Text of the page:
Breastfeeding: Boosting Immunity of Infants through Breastmilk.

Human Breast milk.

Breast milk is the best food a mother can afford her newborn or infant. It provides all the proteins, sugars, fats, vitamins, minerals and fluids required by the baby.

Breast milk also contains numerous protective factors that boosts the baby’s immune system and protect them against infectious Diseases. So it is a complete meal for the baby.

The development of the immune system significantly improves with the introduction of the components of breast milk. For this reason, mothers are encouraged to exclusively breastfeed their infants for six months and continue breastfeeding up to 2 years and beyond because premature discontinuation of breastfeeding may predispose children to chronic diseases later in life.

What happens during Breastfeeding?

During Breastfeeding, immeasurable natural nutrients are offered to the babies. For example, when a lactating mother develops a cold, she is likely to transmit the cold germs to the baby but the antibodies produced by the body to fight that cold will be passed on to the baby through breast milk. These antibodies will help the infant conquer the cold germs quickly and effectively and possibly avoid developing the cold altogether.

Immunity through the Gut

The short-term benefits of breastfeeding an infant in the early years are numerous. Breastmilk helps to ramp up the neonates digestive system so it can function properly.

This is so because during the early stages of life, the human gut is immature and needs absolute support for effective functioning during the first months of life.

Since babies are born with an immature immune system, they depend on human breastmilk for optimal immune function and development. Breastmilk provides the micro-environment for the gastrointestinal tract (GIT) protection and maturation. The biotics which are available in the human breastmilk enhances the production of microbiomes which are majorly found in the gut.

Nonetheless, breastfeeding is also critical for oral tolerance to the gut bacteria and food antigens. This equally prevent the development of Irritable Bowel Syndrome (IBS). Further, exclusive breastfeeding in the first three months protects the children against allergic rhinitis.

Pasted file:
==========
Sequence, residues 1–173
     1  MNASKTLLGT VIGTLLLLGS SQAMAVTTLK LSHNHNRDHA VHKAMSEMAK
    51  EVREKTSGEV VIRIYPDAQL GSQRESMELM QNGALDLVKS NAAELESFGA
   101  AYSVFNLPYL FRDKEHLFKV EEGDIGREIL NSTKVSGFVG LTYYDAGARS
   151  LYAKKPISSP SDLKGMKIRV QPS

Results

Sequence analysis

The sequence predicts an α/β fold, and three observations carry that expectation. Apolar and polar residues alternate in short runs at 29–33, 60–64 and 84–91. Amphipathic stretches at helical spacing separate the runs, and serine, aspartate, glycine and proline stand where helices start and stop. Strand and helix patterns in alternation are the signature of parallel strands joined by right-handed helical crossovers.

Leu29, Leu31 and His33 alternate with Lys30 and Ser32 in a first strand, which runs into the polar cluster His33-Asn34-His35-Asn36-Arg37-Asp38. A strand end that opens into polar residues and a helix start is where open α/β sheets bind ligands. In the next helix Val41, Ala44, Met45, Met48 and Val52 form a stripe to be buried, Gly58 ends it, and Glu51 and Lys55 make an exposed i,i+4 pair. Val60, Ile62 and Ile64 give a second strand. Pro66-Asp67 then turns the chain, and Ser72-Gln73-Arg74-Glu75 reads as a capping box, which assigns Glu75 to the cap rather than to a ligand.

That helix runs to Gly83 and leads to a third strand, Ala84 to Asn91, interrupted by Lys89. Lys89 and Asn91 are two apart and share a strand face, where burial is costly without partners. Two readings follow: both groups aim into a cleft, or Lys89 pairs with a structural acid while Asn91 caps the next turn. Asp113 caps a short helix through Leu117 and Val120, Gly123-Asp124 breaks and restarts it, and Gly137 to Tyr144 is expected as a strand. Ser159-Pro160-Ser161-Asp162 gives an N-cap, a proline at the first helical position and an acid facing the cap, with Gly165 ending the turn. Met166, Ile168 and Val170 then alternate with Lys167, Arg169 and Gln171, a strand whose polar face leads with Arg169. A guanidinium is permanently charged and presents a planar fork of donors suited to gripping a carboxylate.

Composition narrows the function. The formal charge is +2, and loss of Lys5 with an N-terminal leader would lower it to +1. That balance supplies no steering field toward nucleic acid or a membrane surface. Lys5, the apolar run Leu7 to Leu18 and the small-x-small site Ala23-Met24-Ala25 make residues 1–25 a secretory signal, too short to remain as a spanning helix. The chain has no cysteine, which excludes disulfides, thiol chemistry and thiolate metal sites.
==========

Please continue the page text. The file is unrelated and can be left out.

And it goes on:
Why Breastfeed your child?

Breastfeeding promotes optimal growth and development of children in the first two years of life. For this reason, exclusive breastfeeding of infants is recommended for six months.

Children who are exclusively breastfed have a greater chance of survival in the early months than non-breastfed children. Breastfeeding substantially lowers the risk of death of children from acute respiratory infections and diarrhea as well as from other infectious diseases in the first two years of life. It has a potential to prevent 1.4 million deaths in children under five in the developing world.

Recommendations for optimal Breast feeding

Breastfeeding is the best remedy to improving any child’s quality of life both in the short-run and long-run. Mothers should endeavor to breastfeed their children right from birth to at least 2 years of age.

The three recommendations for breast feeding neonates and infants include; initiating breastfeeding within the first hour of birth; exclusively breastfeeding babies for the first six months; and continuing breastfeeding for two years or more.

These measures are important for optimal boost of immunity and for successful health outcomes of children in their early stages of life.


1. Kelly M. Jackson and Andrea M. Nazar, 2006. Breastfeeding, the Immune Response, and Long-term Health. JAOA Review Article.
3. Effect of breastfeeding on infant and child mortality due to infectious diseases in less developed countries: a pooled analysis. WHO Collaborative Study Team on the Role of Breastfeeding on the Prevention of Infant Mortality. Lancet 000; 355: 451–5.
4. Alasil S. and Kutty P, 2015. Breastfeeding as a Tool that Empowers Infant Immunity through Maternal Vaccination. J Vaccines Vaccine 2015, 6:2 DOI: 10.4172/2157-7560.1000271.

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